Over the past few years, hydraulic fracturing, or fracking, has been presented by the oil and gas industry as a silver bullet to our economic woes. According to the industry, the mining of unconventional shale gas and oil deposits is supposed to flood our communities with money, jobs, and other development opportunities. But the truth is this: fracking comes with a price. This dangerous, harmful practice puts our health, our environment, and the stability of our communities on the line.
The UN is currently engaged in a multi-year process to develop Sustainable Development Goals that will chart a common global path towards merging economic development with environmental stability. How can people around the world the chance to succeed and improve their lives, without furthering damage to our planet and communities? Some states are moving ahead quickly with fracking in the hopes of achieving energy independence from imported oil and gas. Meanwhile, other states, such as France, have banned the practice, believing that it cannot be done without resulting in the risks mentioned above.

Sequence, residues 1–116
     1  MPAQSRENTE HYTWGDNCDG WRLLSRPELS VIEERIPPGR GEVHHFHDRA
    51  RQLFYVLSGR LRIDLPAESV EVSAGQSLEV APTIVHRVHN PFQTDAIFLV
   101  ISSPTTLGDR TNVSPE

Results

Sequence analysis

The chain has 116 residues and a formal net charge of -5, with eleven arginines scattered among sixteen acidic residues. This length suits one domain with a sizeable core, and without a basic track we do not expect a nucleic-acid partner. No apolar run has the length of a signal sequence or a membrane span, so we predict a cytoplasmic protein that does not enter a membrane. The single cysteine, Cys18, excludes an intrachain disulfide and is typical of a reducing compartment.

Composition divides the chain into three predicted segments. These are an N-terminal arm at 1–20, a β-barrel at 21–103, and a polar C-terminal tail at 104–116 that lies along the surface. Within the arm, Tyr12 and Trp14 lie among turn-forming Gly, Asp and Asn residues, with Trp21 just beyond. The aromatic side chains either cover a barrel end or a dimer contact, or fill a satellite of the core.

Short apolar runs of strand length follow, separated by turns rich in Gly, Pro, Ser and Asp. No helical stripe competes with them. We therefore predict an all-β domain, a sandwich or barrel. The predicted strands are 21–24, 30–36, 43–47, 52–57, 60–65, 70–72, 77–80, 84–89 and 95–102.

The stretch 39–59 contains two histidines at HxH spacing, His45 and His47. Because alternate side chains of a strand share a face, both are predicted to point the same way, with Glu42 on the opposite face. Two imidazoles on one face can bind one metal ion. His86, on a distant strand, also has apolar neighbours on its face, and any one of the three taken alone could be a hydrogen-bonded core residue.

This Monday, the UN will address the role of fracking in the organization’s Sustainable Development Goals in an event called “Sustainable Energy for All: Can a Just Solution Include Hydraulic Fracturing?” Speakers at the event include Ambassador Stephan Tafrov, Permanent Representative of Bulgaria to the UN; François Gave, Permanent Mission of France to the UN; and Food & Water Watch’s own Senior Organizer for New York, Eric Weltman.
It is the goal of Food & Water Watch to work with the UN and help people understand that fracking is a short-term solution to energy consumption, with long lasting, disastrous results. Sustainable energy is a goal that we can achieve. But fracking is hardly the answer.